05.04.2022 change 05.04.2022

PLN 9.5 million grant for innovative treatment of pancreatic cancer

Credit: Adobe Stock Credit: Adobe Stock

Innovative treatment method of pancreatic cancer using the NanoKnife device and administration of calcium ions or a chemotherapeutic has been launched at the University Clinical Hospital in Wrocław. Thanks to the grant, only in this institution about 70 patients will benefit from free therapy.

The hospital press office reports that a prestigious Medical Research Agency grant worth nearly PLN 9.5 million has been awarded to the Wroclaw Medical University in the 3rd round of the competition for R&D projects in the field of non-commercial clinical trials.

'Professor Wojciech Kielan's project concerns the impact of irreversible calcium electroporation, electrochemotherapy and electroporation (IRE-CACL2, ECT and IRE) on the quality of life and progression-free survival of patients with pancreatic cancer', we read in the release.

In addition to chemotherapy, NanoKnife electroporation used in the world for a decade is a chance to extend the life of patients with inoperable pancreatic cancer. The NanoKnife system generates a series of microsecond electric pulses that cause defects in cell membranes, which in turn causes loss of homeostasis and then the death of the cell. Electric pulses are applied in tissue using electrode needles. The treatment takes place under intraoperative ultrasound or transdermally.

'As a result of the use of the appropriate voltage, the tumour cells are irreversibly damaged and die. At the same time, blood vessels and nerves in the area of the cancer cells damaged by NanoKnife retain their lifetime, which often makes this method the only available therapy in places difficult to treat surgically', we read in the release.

The University Clinical Hospital purchased the NanoKnife system five years ago and since then the team from the General and Cancer Surgery Department carried out over 30 treatments with its use, achieving good results. However, the method is not reimbursed by the National Health Fund in Poland and its cost is huge.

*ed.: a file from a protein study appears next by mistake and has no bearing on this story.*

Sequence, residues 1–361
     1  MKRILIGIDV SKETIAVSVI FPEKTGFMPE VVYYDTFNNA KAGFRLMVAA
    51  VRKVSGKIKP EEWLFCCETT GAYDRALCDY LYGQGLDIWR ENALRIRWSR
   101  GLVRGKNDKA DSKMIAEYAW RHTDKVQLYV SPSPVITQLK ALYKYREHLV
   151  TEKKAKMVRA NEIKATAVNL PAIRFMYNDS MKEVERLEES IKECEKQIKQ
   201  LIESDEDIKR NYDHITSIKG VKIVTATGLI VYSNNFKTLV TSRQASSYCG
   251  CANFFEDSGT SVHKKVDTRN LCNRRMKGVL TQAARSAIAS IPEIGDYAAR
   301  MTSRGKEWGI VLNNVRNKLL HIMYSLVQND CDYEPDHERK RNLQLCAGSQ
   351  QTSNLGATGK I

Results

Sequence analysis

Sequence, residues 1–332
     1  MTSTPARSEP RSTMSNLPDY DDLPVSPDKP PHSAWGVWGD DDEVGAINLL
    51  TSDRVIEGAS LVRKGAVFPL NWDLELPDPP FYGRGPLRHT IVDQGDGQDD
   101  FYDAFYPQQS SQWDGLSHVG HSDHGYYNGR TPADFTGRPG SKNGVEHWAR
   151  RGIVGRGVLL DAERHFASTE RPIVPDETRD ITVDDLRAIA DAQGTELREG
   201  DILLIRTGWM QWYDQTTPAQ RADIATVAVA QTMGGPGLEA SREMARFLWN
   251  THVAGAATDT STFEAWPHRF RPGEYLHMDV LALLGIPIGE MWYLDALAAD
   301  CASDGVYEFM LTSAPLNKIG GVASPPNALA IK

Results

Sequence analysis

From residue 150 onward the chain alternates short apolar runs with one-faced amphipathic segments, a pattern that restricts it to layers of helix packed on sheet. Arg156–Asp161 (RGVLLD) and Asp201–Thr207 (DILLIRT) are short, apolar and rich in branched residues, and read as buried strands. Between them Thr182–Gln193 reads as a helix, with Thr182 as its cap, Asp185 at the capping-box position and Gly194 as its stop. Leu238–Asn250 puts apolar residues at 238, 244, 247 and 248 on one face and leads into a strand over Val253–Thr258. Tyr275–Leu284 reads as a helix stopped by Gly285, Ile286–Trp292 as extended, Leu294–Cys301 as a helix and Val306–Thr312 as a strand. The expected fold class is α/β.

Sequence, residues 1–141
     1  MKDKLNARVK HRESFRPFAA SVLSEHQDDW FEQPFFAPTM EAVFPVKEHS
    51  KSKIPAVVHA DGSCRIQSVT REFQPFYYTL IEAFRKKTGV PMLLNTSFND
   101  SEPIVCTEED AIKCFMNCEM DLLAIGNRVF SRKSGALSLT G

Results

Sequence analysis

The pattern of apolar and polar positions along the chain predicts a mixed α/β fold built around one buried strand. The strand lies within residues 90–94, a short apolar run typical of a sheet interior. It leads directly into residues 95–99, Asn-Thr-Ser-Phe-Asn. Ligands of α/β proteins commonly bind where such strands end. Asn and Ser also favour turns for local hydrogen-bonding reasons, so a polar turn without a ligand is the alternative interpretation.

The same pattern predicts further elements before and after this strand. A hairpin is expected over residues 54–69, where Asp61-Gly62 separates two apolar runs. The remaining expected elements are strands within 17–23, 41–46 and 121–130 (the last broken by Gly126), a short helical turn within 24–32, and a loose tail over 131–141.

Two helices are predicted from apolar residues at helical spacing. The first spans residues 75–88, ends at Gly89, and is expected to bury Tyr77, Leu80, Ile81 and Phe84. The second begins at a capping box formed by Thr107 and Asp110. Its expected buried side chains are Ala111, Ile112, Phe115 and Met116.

'When applying for a Medical Research Agency grant, Wrocław researchers did not limit their application to electroporation, they went a step further. The starting point was the emergence of new medical technologies, using the formation of cancer cell membrane defects as a result of the NanoKnife procedure. These defects increase the permeability for medicines, which can thus effectively act directly on the tumour', the release reads.

One of these substances is calcium chloride, the effectiveness of which in the treatment of solid tumours has been confirmed by the research on cell lines, carried out by Professor Julita Kulbacka in the Cathedral and the Department of Molecular and Cellular Biology. Electroporation also allows to administer drugs used in chemotherapy. All these methods will be available to patients under the grant.

'In our study, we use electroporation, electrochemotherapy and calcium electroporation', says Dr. Julia Rudno-Rudzińska from the General and Cancer Surgery Department.

Patients with inoperable pancreatic cancer, after chemotherapy or during and without metastatic changes, may participate in the study. It is in their case that this therapy can be most beneficial. Wrocław scientists count on the involvement of chemotherapists from all over Poland to refer patients who meet the criteria for participation in the project.

'A grant from the Medical Research Agency for our team a distinction and recognition of many years of experience in the treatment of cancer. However, the most important thing is that in this project we expand the spectrum of possibilities of treating these patients, most of whom in Poland today are waiting for death', says Professor Wojciech Kelan, head of the General and Cancer Surgery Department of the Wroclaw Medical University.

In Poland, pancreatic tumors are detected in approx. 3 thousand people per year, and the number of patients increases every year. At the same time, pancreatic cancer belongs to cancers with the highest mortality, with only one in four patients surviving a year after the diagnosis.

'Such a high mortality is largely due to the fact that patients are referred to specialists in an advanced, often inoperable stage of the disease. It develops for a long time without any symptoms. Only some feel any symptoms in the initial stage when there is a greater chance for effective intervention. Surgical treatment is not always possible also for other reasons. The removal of the pancreatic tumour is complicated and the risk of complications is large. This is due to the location of this organ near the liver, duodenum and important blood vessels (portal vein, inferior vena cava and mesenteric vessels). There is a high risk of their damage. As a result, in nearly 80 percent patients we can only use palliative treatment', says Professor Wojciech Kelan.

Contact information for patients: e-mail: chirurgia.ogolna.onkologiczna@gmail.com. Consultations of specialists: every Tuesday at 12.00 - office of the General and Cancer Surgery Department of the Wroclaw Medical University, Borowska 213, phone: 71-734-35-00. (PAP)

Author: Roman Skiba

ros/ joz/ kap/

tr. RL

Przed dodaniem komentarza prosimy o zapoznanie z Regulaminem forum serwisu Nauka w Polsce.

Copyright © Foundation PAP 2024